But when you do, as we all do from time to time please bear in mind that you have a choice over where you spend your hard earned money. Unlike with book buying online (where Amazon has pretty much annihilated the competition) the same isnt true - yet - of yarn shopping.

You could chose to click on one of those well known online yarn giants whose well placed Google Ads fall so conveniently at the top of the search screens. Or you could choose to scroll a little and shop online from one of the many UK LYSs who have fabulous websites and offer a great alterative online shopping experience.

After all, it may not be a yarn shop local to you but it is still local to someone else. And even if the small independent yarn shop is solely online (as opposed to being a bricks and mortar shop) your money will still go into the local economy where that small business is based.

Just as convenient - you can still shop for yarn at 10pm in your PJs. Just as easy - modern websites and payment systems means that even the smallest of LYS can invest in a slick purchasing system and in a few clicks that yarn can be on it’s way to you.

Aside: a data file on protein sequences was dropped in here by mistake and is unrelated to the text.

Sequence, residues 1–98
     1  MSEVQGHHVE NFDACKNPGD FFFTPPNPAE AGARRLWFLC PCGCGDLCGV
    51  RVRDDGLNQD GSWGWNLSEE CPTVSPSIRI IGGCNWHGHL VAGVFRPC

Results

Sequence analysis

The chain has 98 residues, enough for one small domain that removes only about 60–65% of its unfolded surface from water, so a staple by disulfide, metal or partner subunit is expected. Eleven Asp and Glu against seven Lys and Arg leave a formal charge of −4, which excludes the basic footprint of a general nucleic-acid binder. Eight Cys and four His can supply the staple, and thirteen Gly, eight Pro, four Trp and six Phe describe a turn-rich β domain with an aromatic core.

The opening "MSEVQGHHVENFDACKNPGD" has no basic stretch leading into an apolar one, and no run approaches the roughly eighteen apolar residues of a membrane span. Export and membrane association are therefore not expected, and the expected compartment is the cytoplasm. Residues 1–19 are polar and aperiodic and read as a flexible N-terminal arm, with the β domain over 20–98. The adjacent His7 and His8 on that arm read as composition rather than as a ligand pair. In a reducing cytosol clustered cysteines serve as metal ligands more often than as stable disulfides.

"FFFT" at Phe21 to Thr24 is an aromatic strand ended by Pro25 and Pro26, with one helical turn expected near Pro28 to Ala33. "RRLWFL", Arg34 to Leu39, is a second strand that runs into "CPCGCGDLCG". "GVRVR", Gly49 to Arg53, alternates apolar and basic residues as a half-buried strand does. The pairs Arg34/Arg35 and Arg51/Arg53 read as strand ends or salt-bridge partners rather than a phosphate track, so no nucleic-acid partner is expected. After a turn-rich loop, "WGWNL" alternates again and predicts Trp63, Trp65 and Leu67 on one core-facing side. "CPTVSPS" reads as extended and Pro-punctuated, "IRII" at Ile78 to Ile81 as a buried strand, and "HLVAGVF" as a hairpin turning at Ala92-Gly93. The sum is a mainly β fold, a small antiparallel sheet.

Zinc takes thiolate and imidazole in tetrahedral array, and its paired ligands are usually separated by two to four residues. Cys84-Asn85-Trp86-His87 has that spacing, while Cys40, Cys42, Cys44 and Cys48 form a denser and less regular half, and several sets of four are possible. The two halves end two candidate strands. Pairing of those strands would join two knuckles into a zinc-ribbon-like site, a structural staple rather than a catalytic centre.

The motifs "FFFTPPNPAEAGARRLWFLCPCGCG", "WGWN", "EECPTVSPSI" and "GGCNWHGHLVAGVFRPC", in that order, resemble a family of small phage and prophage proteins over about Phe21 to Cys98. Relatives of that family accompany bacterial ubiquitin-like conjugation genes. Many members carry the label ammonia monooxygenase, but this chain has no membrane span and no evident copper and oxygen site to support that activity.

The difference is that you will have the peace of mind that knowing you have supported a real person, a real small (often family run) business. A real LYS that doesn't have the advertising budget to compete with the “big box” stores but which still very much has a valuable service to offer.

So, as it was Yarn Shop Day on May 12th, wouldn’t it be nice if we didn’t need a special day to remind us. What if every day was an LYS Day - where we make a conscious choice to support our LYSs - even if they are miles away from where we live.

 

10 uses for removable stitch markers

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You may have noticed from some of my social media posts that I have a not-so-secret fondness for those little bulb pins - sometimes called interlocking or removable stitch markers. I’ve managed to acquire quite the collection over the years - either bought in bulk from Merchant and Mills, bought in pretty colours as sets and also squirrelled away from the labels of clothes bought in slightly posh clothing stores.

The reason for my obsession? They are the most ridiculously useful items you’ll ever possess in your knitting bag. So much so that I’ve started to clip a few through the zipper of all my project bags - just so that I’ll never be without one.

So what do I use them for you may ask?

  • Marking stitches during a long cast on: slip one onto the needles after every 50 stitches or so to save lots of counting.
  • Marking the right side when working in garter stitch.
  • Use as a regular stitch marker.